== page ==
ASHEVILLE - Some district attorneys in Western North Carolina are reacting to the historic June 24 U.S. Supreme Court decision overturning Roe v. Wade and allowing individual states to make their own laws on abortion.
Many states are already poised to make an abortionillegal.
“I oppose the criminalization of abortion," said Buncombe County District Attorney Todd Williams, a Democrat, in a prepared statement to the Citizen Times June 24.
"The criminalization of abortion would erode trust in the rule of law and would end a long-settled right to privacy and bodily autonomy that has been the law of the land for more than 50 years."
District attorneys are the top criminal prosecutors in every county.
Williams, who recently won a local primary race by a narrow margin — beating out Courtney Booth by 101 votes — said he'll continue to focus his prosecutorial discretion on violent crimes, drug crimes, and crimes against children, "over prosecutions that do not protect the public but instead create distrust and alienation."
Williams is one of 83 elected prosecutors representing 87 million people from 28 states who signed a statement released June 24 by Fair and Just Prosecution, committing their discretion to "refuse to prosecute those who seek, assist in or provide abortions."
“Today’s Supreme Court decision is a jarring betrayal of generations of Americans who have come of age with the right to make decisions about their own bodies,” Miriam Krinsky, executive director of Fair and Just Prosecution said in the statement.
“By cruelly and callously stripping away a 50-year-old fundamental right, a majority of the Court has undermined the legitimacy of the criminal legal system and trust in the rule of law."
Williams also noted his membership in the Association of Prosecuting Attorneys Reproductive Health Advisory Committee, which released a statement on its stance after the leak of the Supreme Court's Dobbs decision in May.
“Forcing prosecutors into the public health space erodes the institutional integrity of the profession and destroys the trust of communities we took oaths to protect," The APA statement said. "This compromises public safety. Our responsibilities to our communities, both to safeguard and to inform, are paramount. Threatening our communities with criminal sanctions for reproductive healthcare is an injustice.”
I oppose the criminalization of abortion and will use my discretion to prioritize violent crimes, as opposed to laws that create distrust and alienation. pic.twitter.com/Sc0U08406M
— Todd Williams (@DAToddWilliams) May 12, 2022
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WNC DAs including Seth Banks, Scott Reilly, Ted Bell and Andrew Murray — all of whom are Republicans — did not return messages left by the Citizen Times on June 24.
Republican DA Ashley Welch, who covers District 43 representing the seven westernmost counties, said through a spokesperson she would not comment on the decision.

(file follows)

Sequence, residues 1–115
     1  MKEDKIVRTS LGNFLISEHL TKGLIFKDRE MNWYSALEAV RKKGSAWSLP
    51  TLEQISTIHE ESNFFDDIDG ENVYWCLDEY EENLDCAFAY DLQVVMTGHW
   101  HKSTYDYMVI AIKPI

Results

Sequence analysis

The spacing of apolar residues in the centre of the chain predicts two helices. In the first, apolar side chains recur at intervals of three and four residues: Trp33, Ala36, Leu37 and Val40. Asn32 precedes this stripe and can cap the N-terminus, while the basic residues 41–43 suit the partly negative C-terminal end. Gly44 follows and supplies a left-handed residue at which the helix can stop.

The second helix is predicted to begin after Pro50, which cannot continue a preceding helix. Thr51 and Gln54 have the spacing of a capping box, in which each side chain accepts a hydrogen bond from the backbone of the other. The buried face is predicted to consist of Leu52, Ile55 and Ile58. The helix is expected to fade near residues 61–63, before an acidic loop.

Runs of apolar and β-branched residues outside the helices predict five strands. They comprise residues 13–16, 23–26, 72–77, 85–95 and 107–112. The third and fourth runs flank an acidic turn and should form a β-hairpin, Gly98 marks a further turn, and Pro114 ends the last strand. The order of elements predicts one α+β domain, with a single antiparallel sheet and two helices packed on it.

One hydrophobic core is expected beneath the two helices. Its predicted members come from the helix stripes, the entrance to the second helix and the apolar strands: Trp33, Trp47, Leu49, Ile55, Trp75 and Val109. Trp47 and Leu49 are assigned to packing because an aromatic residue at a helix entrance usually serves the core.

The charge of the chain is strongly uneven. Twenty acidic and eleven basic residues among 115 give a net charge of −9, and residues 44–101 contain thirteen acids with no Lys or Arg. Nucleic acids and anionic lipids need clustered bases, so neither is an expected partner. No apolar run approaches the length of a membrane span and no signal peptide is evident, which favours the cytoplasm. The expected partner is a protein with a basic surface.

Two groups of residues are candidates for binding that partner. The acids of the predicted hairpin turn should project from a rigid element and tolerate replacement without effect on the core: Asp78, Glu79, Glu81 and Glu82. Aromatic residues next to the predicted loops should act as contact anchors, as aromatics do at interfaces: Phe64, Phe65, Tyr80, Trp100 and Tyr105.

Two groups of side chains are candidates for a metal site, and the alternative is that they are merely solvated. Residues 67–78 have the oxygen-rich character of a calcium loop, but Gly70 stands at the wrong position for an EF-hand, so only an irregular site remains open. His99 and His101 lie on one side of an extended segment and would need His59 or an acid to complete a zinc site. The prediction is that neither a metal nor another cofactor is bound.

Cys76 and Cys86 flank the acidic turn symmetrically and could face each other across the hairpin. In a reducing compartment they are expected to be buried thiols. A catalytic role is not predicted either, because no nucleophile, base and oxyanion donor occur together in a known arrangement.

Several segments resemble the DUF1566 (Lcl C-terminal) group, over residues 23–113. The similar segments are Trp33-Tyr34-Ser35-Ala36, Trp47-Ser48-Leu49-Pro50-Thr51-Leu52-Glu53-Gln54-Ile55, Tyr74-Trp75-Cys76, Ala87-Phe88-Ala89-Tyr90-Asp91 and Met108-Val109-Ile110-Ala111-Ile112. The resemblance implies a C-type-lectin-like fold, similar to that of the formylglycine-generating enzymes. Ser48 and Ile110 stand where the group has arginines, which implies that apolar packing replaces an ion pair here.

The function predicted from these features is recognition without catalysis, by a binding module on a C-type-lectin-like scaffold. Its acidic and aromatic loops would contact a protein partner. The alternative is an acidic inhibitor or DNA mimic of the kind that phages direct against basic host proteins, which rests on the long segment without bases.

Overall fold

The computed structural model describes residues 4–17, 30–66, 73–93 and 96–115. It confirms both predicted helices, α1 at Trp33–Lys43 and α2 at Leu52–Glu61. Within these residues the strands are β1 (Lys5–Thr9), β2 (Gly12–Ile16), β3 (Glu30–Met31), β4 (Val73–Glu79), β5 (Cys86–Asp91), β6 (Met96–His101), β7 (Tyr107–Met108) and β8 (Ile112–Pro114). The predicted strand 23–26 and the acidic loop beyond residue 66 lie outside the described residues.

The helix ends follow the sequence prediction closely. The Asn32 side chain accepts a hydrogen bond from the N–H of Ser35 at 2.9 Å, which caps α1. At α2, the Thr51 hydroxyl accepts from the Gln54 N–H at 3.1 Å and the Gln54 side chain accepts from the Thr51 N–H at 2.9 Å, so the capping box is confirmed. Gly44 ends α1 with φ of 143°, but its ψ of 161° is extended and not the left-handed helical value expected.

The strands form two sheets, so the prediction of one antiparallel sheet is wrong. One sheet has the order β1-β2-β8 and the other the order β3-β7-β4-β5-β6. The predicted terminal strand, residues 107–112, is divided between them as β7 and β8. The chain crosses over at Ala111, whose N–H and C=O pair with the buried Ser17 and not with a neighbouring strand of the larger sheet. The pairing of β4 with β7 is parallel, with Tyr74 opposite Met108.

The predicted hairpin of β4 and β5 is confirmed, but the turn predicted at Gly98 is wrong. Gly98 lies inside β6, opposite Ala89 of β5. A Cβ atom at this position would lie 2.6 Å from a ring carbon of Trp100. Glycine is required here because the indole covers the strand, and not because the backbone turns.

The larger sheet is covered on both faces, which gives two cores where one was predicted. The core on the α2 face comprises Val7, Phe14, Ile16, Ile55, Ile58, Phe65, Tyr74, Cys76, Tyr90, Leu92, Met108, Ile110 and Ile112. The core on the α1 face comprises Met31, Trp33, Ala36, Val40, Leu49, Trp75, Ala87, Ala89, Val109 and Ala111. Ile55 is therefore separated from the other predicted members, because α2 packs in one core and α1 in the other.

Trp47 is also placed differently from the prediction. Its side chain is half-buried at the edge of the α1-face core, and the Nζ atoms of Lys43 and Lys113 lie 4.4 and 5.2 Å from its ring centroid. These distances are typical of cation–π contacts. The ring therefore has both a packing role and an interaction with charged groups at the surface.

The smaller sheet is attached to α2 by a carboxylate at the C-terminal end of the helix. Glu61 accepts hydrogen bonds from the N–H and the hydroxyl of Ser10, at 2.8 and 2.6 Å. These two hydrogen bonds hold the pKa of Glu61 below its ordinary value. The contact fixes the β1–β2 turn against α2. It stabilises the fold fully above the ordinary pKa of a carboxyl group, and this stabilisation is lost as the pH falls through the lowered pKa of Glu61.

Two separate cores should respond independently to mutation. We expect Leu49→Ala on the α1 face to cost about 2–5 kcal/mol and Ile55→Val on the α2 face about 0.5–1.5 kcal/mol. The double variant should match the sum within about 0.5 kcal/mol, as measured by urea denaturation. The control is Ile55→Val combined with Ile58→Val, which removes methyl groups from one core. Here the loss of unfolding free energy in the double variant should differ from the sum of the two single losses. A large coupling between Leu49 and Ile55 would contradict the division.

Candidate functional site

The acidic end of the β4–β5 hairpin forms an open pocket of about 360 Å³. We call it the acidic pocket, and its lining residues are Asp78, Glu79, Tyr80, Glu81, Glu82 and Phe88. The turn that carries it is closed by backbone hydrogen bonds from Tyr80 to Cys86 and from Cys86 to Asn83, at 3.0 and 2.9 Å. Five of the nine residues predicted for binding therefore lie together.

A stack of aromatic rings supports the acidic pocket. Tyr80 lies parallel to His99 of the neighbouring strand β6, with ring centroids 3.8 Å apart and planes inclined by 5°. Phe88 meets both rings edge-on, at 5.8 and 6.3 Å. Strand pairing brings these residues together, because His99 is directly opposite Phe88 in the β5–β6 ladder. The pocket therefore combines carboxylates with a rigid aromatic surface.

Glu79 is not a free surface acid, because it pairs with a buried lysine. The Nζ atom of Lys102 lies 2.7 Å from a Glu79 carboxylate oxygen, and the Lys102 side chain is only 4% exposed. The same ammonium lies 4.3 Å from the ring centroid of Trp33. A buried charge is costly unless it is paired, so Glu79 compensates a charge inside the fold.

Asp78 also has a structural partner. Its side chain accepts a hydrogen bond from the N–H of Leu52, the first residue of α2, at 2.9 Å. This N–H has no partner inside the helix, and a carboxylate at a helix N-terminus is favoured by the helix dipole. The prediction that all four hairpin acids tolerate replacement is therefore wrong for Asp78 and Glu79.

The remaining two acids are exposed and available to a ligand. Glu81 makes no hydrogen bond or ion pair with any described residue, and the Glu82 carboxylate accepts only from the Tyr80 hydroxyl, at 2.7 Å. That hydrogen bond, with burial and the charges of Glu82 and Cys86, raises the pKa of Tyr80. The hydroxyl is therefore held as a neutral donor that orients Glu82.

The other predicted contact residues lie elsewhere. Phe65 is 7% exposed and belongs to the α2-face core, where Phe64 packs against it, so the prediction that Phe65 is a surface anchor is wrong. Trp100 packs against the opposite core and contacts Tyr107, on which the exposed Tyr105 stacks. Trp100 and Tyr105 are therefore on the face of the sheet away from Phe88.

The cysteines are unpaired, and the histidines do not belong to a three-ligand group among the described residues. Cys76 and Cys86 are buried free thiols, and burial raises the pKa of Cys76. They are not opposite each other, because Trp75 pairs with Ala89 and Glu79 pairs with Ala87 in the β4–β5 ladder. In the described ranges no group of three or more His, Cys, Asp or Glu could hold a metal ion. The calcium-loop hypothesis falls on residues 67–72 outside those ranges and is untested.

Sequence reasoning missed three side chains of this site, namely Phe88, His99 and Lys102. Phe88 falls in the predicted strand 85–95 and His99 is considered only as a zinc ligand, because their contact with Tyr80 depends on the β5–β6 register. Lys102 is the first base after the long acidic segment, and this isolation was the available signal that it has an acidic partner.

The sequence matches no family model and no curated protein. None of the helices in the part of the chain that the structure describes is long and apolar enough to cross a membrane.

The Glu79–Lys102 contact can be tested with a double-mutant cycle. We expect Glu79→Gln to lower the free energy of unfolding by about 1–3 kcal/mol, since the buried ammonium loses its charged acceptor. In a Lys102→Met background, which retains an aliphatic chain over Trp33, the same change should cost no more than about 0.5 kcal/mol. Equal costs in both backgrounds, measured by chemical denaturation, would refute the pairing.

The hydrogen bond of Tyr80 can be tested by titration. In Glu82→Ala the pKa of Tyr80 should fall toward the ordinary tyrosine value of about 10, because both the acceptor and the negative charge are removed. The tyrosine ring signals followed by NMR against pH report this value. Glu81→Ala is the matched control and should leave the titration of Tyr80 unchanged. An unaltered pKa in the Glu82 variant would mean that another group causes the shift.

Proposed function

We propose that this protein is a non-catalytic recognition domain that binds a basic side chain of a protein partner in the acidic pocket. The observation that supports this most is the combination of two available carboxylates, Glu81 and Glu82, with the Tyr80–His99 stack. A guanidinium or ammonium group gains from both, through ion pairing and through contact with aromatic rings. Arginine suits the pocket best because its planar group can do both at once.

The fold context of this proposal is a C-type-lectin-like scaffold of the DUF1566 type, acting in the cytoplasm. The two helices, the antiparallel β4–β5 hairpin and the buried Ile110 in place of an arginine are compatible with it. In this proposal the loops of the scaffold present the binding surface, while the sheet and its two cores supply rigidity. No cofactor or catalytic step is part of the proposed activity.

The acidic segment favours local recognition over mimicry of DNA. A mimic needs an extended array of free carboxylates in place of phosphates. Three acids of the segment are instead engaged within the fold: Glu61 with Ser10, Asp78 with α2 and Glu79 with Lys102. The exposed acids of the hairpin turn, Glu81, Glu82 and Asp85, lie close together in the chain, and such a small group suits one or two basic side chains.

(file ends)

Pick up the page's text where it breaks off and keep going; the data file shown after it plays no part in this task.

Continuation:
N.C. Attorney General Josh Stein a Democrat, immediately weighed in on the June 24 decision, confirming North Carolina residents who can have pregnancies will continue to have reproductive rights.
“I have a message for the women of North Carolina: You still have a legal right to an abortion in our state," Stein said in a news release and on Twitter.
"North Carolina state law protects women's reproductive freedoms, even after the Supreme Court today stripped women of their right to an abortion under the Constitution by overturning Roe v. Wade. If we want to keep our freedoms under state law, then we have to elect state officials who commit to protecting them.”
I have a message for the women of North Carolina: you still have a legal right to an abortion in our state. North Carolina state law protects women's reproductive freedoms. 1/
— Josh Stein (@JoshStein_) June 24, 2022
North Carolina law states it is lawful for a woman to have an abortion within the first 20 weeks of pregnancy.
State law also allows for abortions after 20 weeks in the case of a medical emergency, a condition in which a woman faces death or impairment.
"Roe v. Wade protected pregnant women against laws that would preclude or unduly restrict access to abortion services until the point of fetal viability," Stein said.
"The U.S. Supreme Court’s reversal of Roe, however, does not curtail access to abortions in North Carolina that are expressly permitted by the above-quoted statutes. That protection could only be removed by a change in state law."
Andrew Jones is Buncombe County government and health care reporter for the Asheville Citizen Times, part of the USA TODAY Network. Reach him at @arjonesreports on Facebook and Twitter, 828-226-6203 or email@example.com. Please help support this type of journalism with a subscription to the Citizen Times.
This article originally appeared on Asheville Citizen Times: WNC District Attorneys, state AG react to Roe v. Wade overturn